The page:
Solitude


Introduction

The R package implements Isolation forest, an anomaly detection method introduced by the paper Isolation based Anomaly Detection (Liu, Ting and Zhou).

Isolation forest is grown using ranger package.

Usage

suppressPackageStartupMessages(library("solitude"))
data("attrition", package = "rsample")
str(attrition)

## 'data.frame':    1470 obs. of  31 variables:
##  $ Age                     : int  41 49 37 33 27 32 59 30 38 36 ...
##  $ Attrition               : Factor w/ 2 levels "No","Yes": 2 1 2 1 1 1 1 1 1 1 ...
##  $ BusinessTravel          : Factor w/ 3 levels "Non-Travel","Travel_Frequently",..: 3 2 3 2 3 2 3 3 2 3 ...
##  $ DailyRate               : int  1102 279 1373 1392 591 1005 1324 1358 216 1299 ...
##  $ Department              : Factor w/ 3 levels "Human_Resources",..: 3 2 2 2 2 2 2 2 2 2 ...
##  $ DistanceFromHome        : int  1 8 2 3 2 2 3 24 23 27 ...
##  $ Education               : Ord.factor w/ 5 levels "Below_College"<..: 2 1 2 4 1 2 3 1 3 3 ...
##  $ EducationField          : Factor w/ 6 levels "Human_Resources",..: 2 2 5 2 4 2 4 2 2 4 ...
##  $ EnvironmentSatisfaction : Ord.factor w/ 4 levels "Low"<"Medium"<..: 2 3 4 4 1 4 3 4 4 3 ...
##  $ Gender                  : Factor w/ 2 levels "Female","Male": 1 2 2 1 2 2 1 2 2 2 ...
##  $ HourlyRate              : int  94 61 92 56 40 79 81 67 44 94 ...
##  $ JobInvolvement          : Ord.factor w/ 4 levels "Low"<"Medium"<..: 3 2 2 3 3 3 4 3 2 3 ...
##  $ JobLevel                : int  2 2 1 1 1 1 1 1 3 2 ...
##  $ JobRole                 : Factor w/ 9 levels "Healthcare_Representative",..: 8 7 3 7 3 3 3 3 5 1 ...
##  $ JobSatisfaction         : Ord.factor w/ 4 levels "Low"<"Medium"<..: 4 2 3 3 2 4 1 3 3 3 ...
##  $ MaritalStatus           : Factor w/ 3 levels "Divorced","Married",..: 3 2 3 2 2 3 2 1 3 2 ...
##  $ MonthlyIncome           : int  5993 5130 2090 2909 3468 3068 2670 2693 9526 5237 ...
##  $ MonthlyRate             : int  19479 24907 2396 23159 16632 11864 9964 13335 8787 16577 ...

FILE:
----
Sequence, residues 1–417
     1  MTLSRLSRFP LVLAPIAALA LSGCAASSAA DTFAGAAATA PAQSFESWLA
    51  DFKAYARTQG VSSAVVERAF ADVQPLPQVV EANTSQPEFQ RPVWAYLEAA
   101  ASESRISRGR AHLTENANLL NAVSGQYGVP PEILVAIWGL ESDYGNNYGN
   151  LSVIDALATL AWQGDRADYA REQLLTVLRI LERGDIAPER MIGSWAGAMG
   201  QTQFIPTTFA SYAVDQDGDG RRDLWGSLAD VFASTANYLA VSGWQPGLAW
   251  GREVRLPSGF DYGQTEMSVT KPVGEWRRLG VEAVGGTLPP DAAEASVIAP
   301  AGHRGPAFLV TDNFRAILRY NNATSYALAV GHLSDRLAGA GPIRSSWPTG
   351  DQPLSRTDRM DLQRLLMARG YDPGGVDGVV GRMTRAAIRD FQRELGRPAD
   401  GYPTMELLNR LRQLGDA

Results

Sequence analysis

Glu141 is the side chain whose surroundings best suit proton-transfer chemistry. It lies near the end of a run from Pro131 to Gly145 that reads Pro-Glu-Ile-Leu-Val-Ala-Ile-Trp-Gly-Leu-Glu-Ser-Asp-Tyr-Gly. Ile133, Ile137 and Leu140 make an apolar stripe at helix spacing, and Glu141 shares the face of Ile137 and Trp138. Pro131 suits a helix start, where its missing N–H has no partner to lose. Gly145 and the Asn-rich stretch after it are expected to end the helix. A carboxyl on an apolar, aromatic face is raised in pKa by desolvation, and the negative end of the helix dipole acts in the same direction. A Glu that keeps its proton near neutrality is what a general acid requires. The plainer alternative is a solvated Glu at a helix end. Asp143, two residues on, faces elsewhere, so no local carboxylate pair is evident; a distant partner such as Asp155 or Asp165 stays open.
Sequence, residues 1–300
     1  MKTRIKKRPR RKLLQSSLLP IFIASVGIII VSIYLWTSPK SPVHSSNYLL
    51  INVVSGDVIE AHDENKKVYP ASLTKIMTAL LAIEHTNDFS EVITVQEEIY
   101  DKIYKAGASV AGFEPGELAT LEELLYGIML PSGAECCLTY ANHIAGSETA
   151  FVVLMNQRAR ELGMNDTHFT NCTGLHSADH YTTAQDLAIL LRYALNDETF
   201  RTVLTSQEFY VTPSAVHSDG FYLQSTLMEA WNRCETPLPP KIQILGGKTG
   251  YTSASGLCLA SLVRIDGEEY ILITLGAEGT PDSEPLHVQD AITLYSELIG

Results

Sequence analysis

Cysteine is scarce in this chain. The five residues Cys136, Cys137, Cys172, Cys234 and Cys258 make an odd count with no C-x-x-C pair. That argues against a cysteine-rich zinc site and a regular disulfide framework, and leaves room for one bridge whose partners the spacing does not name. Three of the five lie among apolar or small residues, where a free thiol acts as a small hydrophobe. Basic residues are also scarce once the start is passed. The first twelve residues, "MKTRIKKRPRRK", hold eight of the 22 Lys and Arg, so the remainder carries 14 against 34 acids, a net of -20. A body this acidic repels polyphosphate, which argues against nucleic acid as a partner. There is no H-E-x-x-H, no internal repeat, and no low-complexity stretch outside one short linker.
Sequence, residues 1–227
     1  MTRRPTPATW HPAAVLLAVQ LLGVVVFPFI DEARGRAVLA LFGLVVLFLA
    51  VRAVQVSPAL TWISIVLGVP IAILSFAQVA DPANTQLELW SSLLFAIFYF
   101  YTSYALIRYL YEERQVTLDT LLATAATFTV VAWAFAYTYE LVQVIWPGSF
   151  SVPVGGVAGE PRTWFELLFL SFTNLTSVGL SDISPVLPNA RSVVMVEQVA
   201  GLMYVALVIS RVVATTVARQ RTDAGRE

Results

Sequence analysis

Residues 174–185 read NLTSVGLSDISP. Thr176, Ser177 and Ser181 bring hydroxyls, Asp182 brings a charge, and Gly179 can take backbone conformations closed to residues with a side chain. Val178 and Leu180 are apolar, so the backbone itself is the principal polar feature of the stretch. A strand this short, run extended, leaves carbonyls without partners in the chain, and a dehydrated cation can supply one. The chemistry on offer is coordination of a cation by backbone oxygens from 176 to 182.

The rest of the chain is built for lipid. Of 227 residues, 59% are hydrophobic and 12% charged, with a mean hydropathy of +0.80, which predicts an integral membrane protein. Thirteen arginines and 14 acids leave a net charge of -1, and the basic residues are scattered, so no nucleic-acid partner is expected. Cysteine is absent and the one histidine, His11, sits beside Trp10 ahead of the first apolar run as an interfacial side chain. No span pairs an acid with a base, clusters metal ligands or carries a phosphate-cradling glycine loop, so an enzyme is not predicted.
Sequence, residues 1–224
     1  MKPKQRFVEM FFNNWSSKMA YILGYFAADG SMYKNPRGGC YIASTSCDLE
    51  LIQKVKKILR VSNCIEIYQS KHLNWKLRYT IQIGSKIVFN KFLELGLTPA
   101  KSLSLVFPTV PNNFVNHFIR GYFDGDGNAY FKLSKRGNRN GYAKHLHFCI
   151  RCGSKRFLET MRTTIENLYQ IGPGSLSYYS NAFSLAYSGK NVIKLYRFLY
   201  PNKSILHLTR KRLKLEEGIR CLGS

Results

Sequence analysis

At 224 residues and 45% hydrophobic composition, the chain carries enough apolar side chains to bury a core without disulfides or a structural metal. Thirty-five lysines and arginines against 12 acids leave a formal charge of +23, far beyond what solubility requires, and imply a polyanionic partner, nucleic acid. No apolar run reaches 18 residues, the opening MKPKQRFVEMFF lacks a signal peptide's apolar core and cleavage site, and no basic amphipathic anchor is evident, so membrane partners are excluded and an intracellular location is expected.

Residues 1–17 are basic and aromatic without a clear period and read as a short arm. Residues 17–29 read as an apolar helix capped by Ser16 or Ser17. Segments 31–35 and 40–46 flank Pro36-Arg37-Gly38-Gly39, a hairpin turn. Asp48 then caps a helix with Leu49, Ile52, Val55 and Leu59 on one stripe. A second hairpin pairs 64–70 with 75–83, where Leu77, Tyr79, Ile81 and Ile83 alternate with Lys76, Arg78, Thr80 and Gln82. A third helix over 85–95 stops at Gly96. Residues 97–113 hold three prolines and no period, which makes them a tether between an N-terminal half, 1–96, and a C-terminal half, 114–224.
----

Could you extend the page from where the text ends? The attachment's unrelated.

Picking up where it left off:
##  $ NumCompaniesWorked      : int  8 1 6 1 9 0 4 1 0 6 ...
##  $ OverTime                : Factor w/ 2 levels "No","Yes": 2 1 2 2 1 1 2 1 1 1 ...
##  $ PercentSalaryHike       : int  11 23 15 11 12 13 20 22 21 13 ...
##  $ PerformanceRating       : Ord.factor w/ 4 levels "Low"<"Good"<"Excellent"<..: 3 4 3 3 3 3 4 4 4 3 ...
##  $ RelationshipSatisfaction: Ord.factor w/ 4 levels "Low"<"Medium"<..: 1 4 2 3 4 3 1 2 2 2 ...
##  $ StockOptionLevel        : int  0 1 0 0 1 0 3 1 0 2 ...
##  $ TotalWorkingYears       : int  8 10 7 8 6 8 12 1 10 17 ...
##  $ TrainingTimesLastYear   : int  0 3 3 3 3 2 3 2 2 3 ...
##  $ WorkLifeBalance         : Ord.factor w/ 4 levels "Bad"<"Good"<"Better"<..: 1 3 3 3 3 2 2 3 3 2 ...
##  $ YearsAtCompany          : int  6 10 0 8 2 7 1 1 9 7 ...
##  $ YearsInCurrentRole      : int  4 7 0 7 2 7 0 0 7 7 ...
##  $ YearsSinceLastPromotion : int  0 1 0 3 2 3 0 0 1 7 ...
##  $ YearsWithCurrManager    : int  5 7 0 0 2 6 0 0 8 7 ...

attritionX <- attrition[, setdiff(colnames(attrition), "Attrition")]

# initiate an isolation forest
iso <- isolationForest$new()

# fit for attrition data
iso$fit(attritionX)

## Building Isolation Forest ... done
## Computing depth of terminal nodes ... done

# Obtain anomaly scores
print(iso$scores)

##         id average_depth anomaly_score
##    1:    1         13.39     0.5089184
##    2:    2         13.16     0.5148575
##    3:    3         13.45     0.5073803
##    4:    4         14.78     0.4744556
##    5:    5         14.56     0.4797505
##   ---                                 
## 1466: 1466         15.08     0.4673294
## 1467: 1467         14.96     0.4701670
## 1468: 1468         13.99     0.4937455
## 1469: 1469         16.91     0.4261191
## 1470: 1470         13.81     0.4982492

Anomaly detection

The paper suggests the following: If the score is closer to 1 for a some observations, they are likely outliers. If the score for all observations hover around 0.5, there might not be outliers at all.

By observing the quantiles, we might arrive at the a threshold on the anomaly scores and investigate the outlier suspects.

# quantiles of anomaly scores
quantile(iso$scores$anomaly_score
         , probs = seq(0.5, 1, length.out = 11)
         )

##       50%       55%       60%       65%       70%       75%       80% 
## 0.4916329 0.4969816 0.5022870 0.5071245 0.5135605 0.5216548 0.5304650 
##       85%       90%       95%      100% 
## 0.5387713 0.5480918 0.5659473 0.6357167

The understanding of why is an observation an anomaly might require a combination of domain understanding and techniques like lime (Local Interpretable Model-agnostic Explanations), Rule based systems etc

Installation

install.packages("solitude")                  # CRAN version
devtools::install_github("talegari/solitude") # dev version